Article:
Acoustics, more than what meets the ear

What is the study of acoustic?
When the word “Acoustics” gets thrown around it is often perceived as concerning purely musical acoustics. Few associate the word with the physics involved regarding sound, in buildings or in an open environment, generated from everyday activities.  The Merriam-Webster definition of Acoustics is the science that deals with the production, control, transmission, reception, and reflects of sound.

Don’t assume when someone tells you they work in acoustics that they have a career in music, there are many fields within acoustics…some may even be of interest to you!

Acoustical Engineering
Acoustical Engineering is a branch of engineering which deals with sound and vibration. Typically acoustical engineers are concerned with noise control.

A career in Acoustical Engineering generally involves extensive knowledge in physics and mathematics and usually requires a bachelor’s degree in an engineering discipline.

Architectural Acoustics
Architectural Acoustics is a branch of Acoustic Engineering which focuses on achieving superior sound within a building, whether it’s through the enhancement of sound or the suppression of noise. An increased awareness of the importance of acoustical design is causing an expansion from its use in concert halls and recording studios into offices, factories, and learning and medical institutions.

Typically acoustic consultants help manage sound within an enclosed environment. A career in this field generally requires a degree in acoustics or physics. In addition, it is important to have knowledge of the environmental legislation and standards depending on the location.

Psychological and Physiological Acoustics
Psychoacoustics is the study of sound perception, the psychological and physiological responses associated with sound. This field strives to explain how we respond to sounds, such as music, and noise, such as construction noise. This helps designers select the appropriate sounds to achieve the feeling they desire in the space. This study of sound perception is exploited in film and music as it helps set the psychological response from the audience.

A career in psychoacoustics typically demands a degree with exposure to acoustics or psychoacoustics.

Underwater Acoustics
Underwater Acoustics is the study of the behaviour of sound in water. A common application of underwater acoustics is through the use of acoustic signals (systems) to guide underwater vessels, a valuable tool for both military and commercial use.

A career in Underwater Acoustics typically requires at least a degree in engineering or similar discipline. Experience in acoustic and software engineering would be an advantage when entering this field.

Noise Control
Noise Control is a field of Acoustical Engineering in which the objective is to suppress noise whether it is to meet environmental regulations or improve quality of life. Noise pollution is an increasing concern that has motivated the development of strategies for its reduction usually through the addition of a silencer or an enclosure encompassing the noise source.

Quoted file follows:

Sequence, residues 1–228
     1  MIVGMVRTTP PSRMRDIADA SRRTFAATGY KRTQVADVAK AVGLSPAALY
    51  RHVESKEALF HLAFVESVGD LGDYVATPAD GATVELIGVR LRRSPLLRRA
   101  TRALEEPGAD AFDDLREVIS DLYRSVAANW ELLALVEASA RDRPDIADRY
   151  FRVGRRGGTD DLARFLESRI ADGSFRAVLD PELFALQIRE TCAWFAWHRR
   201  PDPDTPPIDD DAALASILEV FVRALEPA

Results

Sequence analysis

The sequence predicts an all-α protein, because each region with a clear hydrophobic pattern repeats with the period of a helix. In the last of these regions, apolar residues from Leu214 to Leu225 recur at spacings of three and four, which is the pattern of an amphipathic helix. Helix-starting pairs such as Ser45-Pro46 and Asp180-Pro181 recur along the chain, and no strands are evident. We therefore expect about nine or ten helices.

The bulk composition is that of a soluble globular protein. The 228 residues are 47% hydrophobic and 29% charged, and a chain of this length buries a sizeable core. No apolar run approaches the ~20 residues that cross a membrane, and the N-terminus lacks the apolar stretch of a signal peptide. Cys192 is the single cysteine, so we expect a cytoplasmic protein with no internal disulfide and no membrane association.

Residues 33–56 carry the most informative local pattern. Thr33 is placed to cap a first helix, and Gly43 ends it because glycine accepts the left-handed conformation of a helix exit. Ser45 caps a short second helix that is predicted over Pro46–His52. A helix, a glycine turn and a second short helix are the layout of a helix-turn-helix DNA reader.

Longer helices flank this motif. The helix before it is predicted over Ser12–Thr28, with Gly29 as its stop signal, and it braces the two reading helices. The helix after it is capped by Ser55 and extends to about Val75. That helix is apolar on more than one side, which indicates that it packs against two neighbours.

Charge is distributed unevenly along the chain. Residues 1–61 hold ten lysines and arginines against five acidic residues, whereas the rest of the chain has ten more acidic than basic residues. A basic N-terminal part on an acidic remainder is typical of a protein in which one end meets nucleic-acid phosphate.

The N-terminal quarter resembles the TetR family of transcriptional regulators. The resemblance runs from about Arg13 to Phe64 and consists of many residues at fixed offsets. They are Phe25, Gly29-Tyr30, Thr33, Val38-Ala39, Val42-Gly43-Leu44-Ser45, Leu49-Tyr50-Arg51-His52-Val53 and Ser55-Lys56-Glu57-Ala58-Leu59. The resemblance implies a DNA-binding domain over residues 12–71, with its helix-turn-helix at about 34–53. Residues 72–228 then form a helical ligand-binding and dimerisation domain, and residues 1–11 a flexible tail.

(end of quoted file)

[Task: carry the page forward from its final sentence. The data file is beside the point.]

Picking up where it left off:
A career in Noise Control involves a deep understanding of the behaviour of sound and the determination of solutions to environmental noise problems which requires considerable knowledge in acoustics.

Physical Acoustics
Physical Acoustics is a field of Acoustical Engineering which studies the way in which sound waves propagate in different mediums including solids, liquids, gases, and plasmas.

A career in Physical Acoustics generally revolves around research and typically requires an advanced degree in physics.

Structural Acoustics and Vibration
Structural Acoustics and Vibration is a branch of engineering of great concern to engineers. The main focus is that machines and structures need to be designed to withstand vibration as components can be damaged or structures can collapse under excessive vibration. Furthermore, excessive vibration can also be quite noisy.

In this field engineers have the task of either eliminating the possibility of vibration or isolating the vibrating equipment. A career in this field requires exceptional mathematical skills and ingenuity to arrive at useful insights that can be used in real world situations.

Musical Acoustics
Musical Acoustics is typically the field that comes to mind when thinking of acoustics. This field deals with the way in which musical sound is perceived and produced through the use of instruments, human voice, and computer generated sounds. A common application involves the use of sound for therapy to improve physical and mental health.

Those who work in the field of Musical Acoustics typically have an interest in both music and science and frequently have worked in the entertainment, education, or musical instrument industry.

Biomedical Acoustics
Biomedical Acoustics is the study of the interaction of ultrasound energy with biological tissues. This field has incredible applications in the diagnosis and treatment of diseased tissue.